My most inspiring moment as a plastic surgeon took place in Vietnam. Every year, we bring our resources and skill set to Hanoi to provide complex reconstructive surgery to those in need. Don’t get me wrong – the hospitals there have everything you need to perform the most complex surgery, and the surgeons are very gifted. A unique collaboration occurs each year that tests both American and Vietnamese surgeons through challenging reconstructive cases.
Patients from across southeast Asia are eligible for surgery through this program. In 2014, I was assigned to several complex cases, including toe-to-thumb transfer, jaw reconstruction using the leg for bone and skin, and ear reconstruction using the forearm. One case, however, stands out.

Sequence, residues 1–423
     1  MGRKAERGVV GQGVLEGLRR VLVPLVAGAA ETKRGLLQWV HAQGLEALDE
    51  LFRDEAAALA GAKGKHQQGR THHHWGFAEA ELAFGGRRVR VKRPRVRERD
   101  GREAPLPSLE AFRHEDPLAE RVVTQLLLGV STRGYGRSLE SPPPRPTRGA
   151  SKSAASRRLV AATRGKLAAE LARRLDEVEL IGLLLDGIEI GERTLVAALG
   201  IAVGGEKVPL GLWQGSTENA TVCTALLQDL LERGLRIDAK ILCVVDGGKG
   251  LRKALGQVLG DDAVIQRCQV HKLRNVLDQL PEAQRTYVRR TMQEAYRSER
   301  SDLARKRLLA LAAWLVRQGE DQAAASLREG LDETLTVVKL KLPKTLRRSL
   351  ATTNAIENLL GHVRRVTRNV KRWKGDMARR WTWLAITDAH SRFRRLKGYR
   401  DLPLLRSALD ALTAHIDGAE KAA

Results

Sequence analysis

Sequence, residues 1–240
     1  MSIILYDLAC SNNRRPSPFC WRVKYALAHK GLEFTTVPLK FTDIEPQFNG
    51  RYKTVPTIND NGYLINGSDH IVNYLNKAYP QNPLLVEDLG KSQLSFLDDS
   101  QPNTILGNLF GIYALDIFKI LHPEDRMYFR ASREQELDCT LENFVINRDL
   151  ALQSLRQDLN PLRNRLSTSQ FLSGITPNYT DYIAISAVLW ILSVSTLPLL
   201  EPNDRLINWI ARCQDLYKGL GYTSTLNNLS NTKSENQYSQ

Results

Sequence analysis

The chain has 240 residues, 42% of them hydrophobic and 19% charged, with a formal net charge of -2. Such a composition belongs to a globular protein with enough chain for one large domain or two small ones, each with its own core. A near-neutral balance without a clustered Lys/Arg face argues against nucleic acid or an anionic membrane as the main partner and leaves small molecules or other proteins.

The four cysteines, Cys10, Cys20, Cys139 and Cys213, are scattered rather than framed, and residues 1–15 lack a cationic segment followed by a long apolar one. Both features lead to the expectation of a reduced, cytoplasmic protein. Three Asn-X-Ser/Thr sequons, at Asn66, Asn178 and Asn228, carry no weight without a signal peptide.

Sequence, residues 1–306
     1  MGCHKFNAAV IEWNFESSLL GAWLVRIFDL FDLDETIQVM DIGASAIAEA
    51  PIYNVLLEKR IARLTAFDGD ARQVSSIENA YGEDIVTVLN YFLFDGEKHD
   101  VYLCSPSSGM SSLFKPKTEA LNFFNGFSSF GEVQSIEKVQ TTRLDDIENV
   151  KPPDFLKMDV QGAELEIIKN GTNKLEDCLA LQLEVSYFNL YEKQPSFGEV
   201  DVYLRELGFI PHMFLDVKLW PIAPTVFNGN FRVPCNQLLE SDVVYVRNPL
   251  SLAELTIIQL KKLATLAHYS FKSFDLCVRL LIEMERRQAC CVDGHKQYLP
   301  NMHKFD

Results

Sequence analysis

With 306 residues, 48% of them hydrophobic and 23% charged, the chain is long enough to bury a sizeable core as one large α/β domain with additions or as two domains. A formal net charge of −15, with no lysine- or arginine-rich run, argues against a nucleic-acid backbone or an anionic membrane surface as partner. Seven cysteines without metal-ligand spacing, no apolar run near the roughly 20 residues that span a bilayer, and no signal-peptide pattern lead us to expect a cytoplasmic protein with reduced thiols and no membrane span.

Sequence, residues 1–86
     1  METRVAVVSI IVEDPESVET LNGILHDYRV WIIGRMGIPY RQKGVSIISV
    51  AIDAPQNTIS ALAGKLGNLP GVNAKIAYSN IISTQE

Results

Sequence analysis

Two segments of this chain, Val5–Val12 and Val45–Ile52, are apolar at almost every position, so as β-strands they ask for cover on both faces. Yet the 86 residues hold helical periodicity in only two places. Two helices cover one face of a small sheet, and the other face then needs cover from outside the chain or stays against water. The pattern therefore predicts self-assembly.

The patient was a young Malaysian man who had a tumor in his sinus removed in Singapore. The deep structures of his mid-face were not reconstructed, so over the next year the tissues under his left eye and the bridge of his nose began to sink in. He was also having difficulty breathing on the left side of his nose.
In short, the man presented with a nose full of scar, a depressed nasal bridge without support, and a hollowed mid-face without support. I would need to rebuild his mid-face, nasal lining, and nasal dorsum. Bulky tissue from the leg or thigh would further obstruct his nose. But he was a thin man, and so it occurred to me to use his forearm for bone with a blood supply, bone graft for the nose, and thin pliable skin to re-line the nasal cavity. The forearm would provide generous tissue for all of this. I had never performed, or read about, any operation like this – but I was unfazed nevertheless.